Beaufort Wind Scale
Beaufort wind scale
In 1805, to standardize nautical observations, Sir Francis Beaufort , an Irish hydrographer and member of the British Admiralty, created a scale for judging the strength of wind at sea. His scale is still a useful standard for the determination of wind force.
Each of the Beaufort Scale's 12 wind-force levels, ranging from calm to hurricane force, includes a description of the effect of the wind on readily observable, common objects. Beaufort's original purpose in devising the scale was to create a common reference for sailors to estimate and easily convey the effect of wind and sea upon their ships. Thus, the scale gives observers a means of estimating wind force.
The Beaufort Wind Scale numbers correspond to the following states (with estimated wind speeds in knots): Beaufort No.0 calm (less than 1 knot of wind); Beaufort No.1 light air (1-3 knot wind); Beaufort No.2 light breeze (4-6 knot wind); Beaufort No.3 gentle breeze (7-10 knot wind); Beaufort No.4 moderate breeze (11-16 knot wind); Beaufort No.5 fresh breeze (17-21 knot wind); Beaufort No.6 strong breeze (22-27 knot wind); Beaufort No.7 near gale (28-33 knot wind); Beaufort No.8 gale (34-40 knot wind); Beaufort No.9 strong gale (41-47 knot wind); Beaufort No.10 storm breeze (48-55 knot wind); Beaufort No.11 violent storm breeze (56-63 knot wind); Beaufort No.12 hurricane (64 or greater knot wind).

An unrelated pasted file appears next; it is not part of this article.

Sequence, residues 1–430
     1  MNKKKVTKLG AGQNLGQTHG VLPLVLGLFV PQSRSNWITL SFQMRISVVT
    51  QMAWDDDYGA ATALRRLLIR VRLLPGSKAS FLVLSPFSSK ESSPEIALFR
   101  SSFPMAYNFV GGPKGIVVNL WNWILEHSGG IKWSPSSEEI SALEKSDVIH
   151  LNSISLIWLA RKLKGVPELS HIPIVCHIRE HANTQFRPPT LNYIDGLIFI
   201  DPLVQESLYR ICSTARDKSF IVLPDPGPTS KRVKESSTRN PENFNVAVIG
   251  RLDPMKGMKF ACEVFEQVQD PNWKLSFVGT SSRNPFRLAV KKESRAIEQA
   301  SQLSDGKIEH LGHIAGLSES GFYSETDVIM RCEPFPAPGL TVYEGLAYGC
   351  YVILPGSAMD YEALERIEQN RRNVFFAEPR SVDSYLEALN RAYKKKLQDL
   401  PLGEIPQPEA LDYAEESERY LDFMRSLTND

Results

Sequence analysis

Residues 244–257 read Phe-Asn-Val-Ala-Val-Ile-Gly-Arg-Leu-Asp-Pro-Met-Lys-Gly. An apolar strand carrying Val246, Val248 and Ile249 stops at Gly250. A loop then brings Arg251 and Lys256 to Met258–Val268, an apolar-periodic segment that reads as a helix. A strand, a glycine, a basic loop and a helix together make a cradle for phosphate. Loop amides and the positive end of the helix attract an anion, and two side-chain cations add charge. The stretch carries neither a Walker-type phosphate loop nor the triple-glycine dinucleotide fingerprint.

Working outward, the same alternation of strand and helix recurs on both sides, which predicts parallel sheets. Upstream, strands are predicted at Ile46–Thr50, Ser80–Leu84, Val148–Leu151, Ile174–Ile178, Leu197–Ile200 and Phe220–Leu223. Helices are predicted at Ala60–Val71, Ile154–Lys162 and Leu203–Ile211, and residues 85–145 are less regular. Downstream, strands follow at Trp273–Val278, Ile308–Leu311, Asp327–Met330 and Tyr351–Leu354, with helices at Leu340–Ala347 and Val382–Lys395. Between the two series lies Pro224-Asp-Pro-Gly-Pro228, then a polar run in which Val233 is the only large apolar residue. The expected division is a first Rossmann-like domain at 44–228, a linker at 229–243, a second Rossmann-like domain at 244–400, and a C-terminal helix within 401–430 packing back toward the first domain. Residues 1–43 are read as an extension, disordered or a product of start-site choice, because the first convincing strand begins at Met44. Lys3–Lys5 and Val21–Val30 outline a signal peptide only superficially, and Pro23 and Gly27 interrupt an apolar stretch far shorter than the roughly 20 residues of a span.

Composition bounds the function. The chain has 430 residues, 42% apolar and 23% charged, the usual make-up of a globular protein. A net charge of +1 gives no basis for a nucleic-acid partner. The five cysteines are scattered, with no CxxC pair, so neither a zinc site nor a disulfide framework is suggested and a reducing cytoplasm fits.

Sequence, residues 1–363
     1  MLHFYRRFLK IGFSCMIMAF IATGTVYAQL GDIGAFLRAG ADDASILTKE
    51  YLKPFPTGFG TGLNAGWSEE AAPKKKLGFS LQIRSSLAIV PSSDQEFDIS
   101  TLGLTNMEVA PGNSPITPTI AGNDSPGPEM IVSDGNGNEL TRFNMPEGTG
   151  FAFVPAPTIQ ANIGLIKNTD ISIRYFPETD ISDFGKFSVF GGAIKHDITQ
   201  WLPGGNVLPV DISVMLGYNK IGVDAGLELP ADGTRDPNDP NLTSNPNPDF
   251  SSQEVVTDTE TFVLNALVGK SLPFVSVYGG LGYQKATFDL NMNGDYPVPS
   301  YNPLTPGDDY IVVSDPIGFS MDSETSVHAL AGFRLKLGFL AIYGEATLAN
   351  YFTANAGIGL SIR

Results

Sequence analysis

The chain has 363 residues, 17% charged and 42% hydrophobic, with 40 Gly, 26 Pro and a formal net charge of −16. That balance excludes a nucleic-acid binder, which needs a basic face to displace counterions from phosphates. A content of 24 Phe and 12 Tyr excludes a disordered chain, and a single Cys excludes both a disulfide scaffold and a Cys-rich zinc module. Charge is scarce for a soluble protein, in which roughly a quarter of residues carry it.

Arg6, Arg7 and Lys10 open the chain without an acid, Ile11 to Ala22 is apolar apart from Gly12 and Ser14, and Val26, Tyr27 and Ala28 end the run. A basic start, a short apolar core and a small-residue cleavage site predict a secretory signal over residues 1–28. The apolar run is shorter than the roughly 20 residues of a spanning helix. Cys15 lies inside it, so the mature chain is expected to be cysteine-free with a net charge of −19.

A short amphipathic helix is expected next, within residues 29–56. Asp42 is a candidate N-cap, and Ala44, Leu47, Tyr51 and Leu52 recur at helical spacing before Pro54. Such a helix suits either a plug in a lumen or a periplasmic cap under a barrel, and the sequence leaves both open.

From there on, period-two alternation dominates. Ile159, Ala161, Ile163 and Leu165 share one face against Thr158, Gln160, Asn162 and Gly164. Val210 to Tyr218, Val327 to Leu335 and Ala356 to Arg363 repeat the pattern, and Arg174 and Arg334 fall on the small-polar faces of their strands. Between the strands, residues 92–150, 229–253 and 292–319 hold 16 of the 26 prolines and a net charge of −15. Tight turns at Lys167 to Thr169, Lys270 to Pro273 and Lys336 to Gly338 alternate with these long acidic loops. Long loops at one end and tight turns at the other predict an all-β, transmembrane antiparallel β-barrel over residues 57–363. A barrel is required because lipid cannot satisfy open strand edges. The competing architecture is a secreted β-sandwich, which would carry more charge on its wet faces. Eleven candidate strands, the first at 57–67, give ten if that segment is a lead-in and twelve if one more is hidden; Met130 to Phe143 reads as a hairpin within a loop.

Originally limited to a description of the effects of wind on a sailing vessel's canvas (force 12, for instance, was "that which no canvas could withstand"), the scale was revised in 1939 by the International Meteorological Committee to include the effect of wind on land features. The numbers from the Beaufort scale were used on weather maps until 1955, when a system of wind feathers, which show wind direction and intensity, was adopted.
See also Air masses and fronts; Weather forcasting; Weather forecasting methods